6. Cross-country comparisons are rendered difficult by several factors: some countries spend a lot on housing to deal with a harsh climate; leisure-loving societies do not have their leisure valued; exchange rates used to express GDP figures in common currencies do not accurately reflect cost-of-living differences; and differences in income distributions are ignored.
Despite these problems in using GDP to measure an economy's welfare and to compare it to other economies, most economists are comfortable using GDP figures for comparisons over time, such as measuring an economy's growth rate. So long as the size of the underground economy is stable, there are no dramatic changes in crime and pollution, and the fraction of an economy's economic activity that appears on markets is relatively constant, growth measures should paint an adequate picture of economic progress.
But economic growth is not the only way of measuring progress, and many believe that the high profile of GDP has served to divert attention from other forms of human progress. One respected alternative measure is the human development index, developed in 1990 by the United Nations Development Programme. It is an index calculated as an equally weighted average of relative performances on measures of life expectancy, educational attainment, and income. Canada and the United States are the top countries by this measure.
Just as a company would be unwise to chart its course by looking at its cash flow without looking at its balance sheet, so would a country be unwise to focus on GDP without looking at its its worth. The World Bank has ranked countries by per capita wealth, calculated by estimating the value of each country's natural resources, machinery, buildings and other man-made capital, and human resources. By this measure the wealthiest countries are those with few people and lots of oil, like the United Arab Emirates, and countries with few natural resources but substantial human ingenuity, such as Switzerland. Resource-rich Australia and Canada top this ranking; the United States is twelfth, just behind Norway.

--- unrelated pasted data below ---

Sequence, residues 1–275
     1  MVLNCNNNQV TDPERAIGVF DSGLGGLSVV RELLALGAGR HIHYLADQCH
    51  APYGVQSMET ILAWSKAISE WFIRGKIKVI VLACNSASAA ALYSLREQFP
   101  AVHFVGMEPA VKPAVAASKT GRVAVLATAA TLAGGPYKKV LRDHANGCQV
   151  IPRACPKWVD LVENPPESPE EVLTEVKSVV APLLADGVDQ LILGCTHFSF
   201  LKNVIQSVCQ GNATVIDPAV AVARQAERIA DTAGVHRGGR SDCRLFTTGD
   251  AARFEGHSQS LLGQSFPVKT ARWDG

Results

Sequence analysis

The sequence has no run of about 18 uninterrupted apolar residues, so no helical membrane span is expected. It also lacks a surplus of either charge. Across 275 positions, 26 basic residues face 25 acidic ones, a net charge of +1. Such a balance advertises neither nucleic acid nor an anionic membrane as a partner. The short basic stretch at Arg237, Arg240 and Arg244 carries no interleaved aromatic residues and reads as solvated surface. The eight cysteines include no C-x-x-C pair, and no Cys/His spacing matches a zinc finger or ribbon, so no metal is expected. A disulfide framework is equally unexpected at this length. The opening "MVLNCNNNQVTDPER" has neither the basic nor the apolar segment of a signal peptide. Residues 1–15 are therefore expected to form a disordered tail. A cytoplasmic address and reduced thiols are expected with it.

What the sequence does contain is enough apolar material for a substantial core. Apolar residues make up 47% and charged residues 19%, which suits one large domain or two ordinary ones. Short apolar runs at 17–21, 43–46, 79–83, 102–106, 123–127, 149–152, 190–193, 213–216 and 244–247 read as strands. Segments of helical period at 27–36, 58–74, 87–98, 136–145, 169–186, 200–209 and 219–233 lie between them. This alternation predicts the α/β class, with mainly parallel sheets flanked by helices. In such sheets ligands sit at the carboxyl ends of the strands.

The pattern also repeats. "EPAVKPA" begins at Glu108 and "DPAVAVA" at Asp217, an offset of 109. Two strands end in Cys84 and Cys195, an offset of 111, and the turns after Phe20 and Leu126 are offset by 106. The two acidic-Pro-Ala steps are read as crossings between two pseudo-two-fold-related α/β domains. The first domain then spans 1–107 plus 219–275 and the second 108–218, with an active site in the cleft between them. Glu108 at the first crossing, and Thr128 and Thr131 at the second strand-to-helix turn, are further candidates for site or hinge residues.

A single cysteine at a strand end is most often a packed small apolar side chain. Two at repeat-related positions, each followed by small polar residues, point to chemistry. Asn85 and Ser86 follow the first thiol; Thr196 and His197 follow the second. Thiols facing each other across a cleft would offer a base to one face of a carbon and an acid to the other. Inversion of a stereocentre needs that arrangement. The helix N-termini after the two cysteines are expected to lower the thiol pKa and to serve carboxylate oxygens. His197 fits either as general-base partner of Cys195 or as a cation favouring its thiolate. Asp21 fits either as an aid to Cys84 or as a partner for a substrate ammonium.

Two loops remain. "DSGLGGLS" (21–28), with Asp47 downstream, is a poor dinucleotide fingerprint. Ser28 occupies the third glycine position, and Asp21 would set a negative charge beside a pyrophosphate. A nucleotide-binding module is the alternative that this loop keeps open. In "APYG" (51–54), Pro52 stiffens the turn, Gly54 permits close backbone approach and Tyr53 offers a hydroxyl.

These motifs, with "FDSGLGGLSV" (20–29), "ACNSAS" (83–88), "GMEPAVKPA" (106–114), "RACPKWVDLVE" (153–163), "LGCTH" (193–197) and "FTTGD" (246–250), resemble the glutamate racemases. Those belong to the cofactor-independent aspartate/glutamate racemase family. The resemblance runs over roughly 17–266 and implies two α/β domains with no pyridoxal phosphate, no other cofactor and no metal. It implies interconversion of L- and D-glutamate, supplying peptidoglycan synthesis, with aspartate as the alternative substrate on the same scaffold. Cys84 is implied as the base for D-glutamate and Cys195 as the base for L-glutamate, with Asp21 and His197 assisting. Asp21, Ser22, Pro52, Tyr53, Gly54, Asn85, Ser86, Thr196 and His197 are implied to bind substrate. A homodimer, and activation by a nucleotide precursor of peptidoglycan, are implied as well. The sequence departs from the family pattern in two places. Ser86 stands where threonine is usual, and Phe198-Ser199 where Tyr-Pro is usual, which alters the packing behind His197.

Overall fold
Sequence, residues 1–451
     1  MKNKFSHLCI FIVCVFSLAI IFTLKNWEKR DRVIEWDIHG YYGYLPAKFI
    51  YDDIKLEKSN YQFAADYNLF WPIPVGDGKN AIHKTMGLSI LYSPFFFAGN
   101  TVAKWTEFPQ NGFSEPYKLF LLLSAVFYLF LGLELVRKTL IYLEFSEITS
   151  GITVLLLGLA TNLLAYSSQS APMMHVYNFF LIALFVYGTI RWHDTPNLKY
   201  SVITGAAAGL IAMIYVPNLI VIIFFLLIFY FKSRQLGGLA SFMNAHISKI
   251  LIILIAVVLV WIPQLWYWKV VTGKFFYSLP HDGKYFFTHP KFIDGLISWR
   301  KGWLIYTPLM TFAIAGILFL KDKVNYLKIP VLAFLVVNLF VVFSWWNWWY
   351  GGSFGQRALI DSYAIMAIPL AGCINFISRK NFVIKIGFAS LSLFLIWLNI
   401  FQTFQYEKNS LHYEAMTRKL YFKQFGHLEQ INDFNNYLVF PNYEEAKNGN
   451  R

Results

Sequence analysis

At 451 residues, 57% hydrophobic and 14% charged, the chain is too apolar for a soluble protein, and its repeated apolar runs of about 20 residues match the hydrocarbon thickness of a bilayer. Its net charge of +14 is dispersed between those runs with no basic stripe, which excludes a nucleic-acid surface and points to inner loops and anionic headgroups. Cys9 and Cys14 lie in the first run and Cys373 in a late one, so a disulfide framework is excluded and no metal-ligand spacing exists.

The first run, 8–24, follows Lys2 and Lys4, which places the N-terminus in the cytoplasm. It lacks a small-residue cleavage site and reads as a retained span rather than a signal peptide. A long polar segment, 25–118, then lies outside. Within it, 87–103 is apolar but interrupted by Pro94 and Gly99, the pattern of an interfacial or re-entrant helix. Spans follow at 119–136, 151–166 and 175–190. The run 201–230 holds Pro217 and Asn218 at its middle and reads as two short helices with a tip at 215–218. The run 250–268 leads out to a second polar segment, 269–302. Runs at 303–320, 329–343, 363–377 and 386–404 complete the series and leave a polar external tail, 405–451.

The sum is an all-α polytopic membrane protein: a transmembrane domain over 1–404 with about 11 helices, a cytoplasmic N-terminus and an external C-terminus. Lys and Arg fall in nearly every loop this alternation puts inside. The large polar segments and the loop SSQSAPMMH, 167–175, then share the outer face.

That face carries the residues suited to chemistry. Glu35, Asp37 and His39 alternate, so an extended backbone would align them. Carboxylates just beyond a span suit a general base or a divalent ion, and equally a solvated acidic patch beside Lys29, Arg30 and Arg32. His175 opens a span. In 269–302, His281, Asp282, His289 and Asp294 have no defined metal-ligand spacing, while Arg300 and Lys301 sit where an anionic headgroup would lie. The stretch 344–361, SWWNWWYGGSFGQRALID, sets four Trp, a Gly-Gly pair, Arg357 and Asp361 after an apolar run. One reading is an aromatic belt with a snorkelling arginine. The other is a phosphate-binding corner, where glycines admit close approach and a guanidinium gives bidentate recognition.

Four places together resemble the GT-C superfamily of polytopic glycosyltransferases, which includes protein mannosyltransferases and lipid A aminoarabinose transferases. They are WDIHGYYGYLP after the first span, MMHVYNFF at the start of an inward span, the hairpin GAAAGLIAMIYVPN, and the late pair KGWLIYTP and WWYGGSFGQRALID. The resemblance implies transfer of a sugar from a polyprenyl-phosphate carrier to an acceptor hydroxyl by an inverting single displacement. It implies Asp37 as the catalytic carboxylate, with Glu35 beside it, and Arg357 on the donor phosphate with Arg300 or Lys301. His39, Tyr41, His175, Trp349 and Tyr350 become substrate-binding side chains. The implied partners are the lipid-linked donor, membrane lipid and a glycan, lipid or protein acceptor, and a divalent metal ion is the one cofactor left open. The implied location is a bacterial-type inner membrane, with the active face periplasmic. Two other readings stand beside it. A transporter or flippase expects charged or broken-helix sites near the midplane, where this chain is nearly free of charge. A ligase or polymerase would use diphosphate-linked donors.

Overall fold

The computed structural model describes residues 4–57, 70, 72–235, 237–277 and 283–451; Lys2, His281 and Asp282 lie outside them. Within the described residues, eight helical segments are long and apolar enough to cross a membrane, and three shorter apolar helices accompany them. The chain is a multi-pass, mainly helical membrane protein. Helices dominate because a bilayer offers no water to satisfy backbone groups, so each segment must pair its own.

One of the most prominent ways in which GDP changes can be misleading is if the effects of overall price changes on this measure are not taken into account. Doing so produces the important distinction between real and nominal GDP.
2.4 Real Versus Nominal GDP
One way the GDP measure can increase is if the nation produces a larger physical quantity of goods and services, implying that more goods and services are available for distribution to participants in the economy. Such a change would be of importance to our standard of living. But GDP can also change simply because the prices of all goods and services rise, as they do during an inflation. In this case a larger GDP does not correspond to a larger physical quantity of goods and services. Typically, each year GDP increases for both reasons, so some way of distinguishing changes in GDP due to physical changes in output from changes due to price level changes must be found.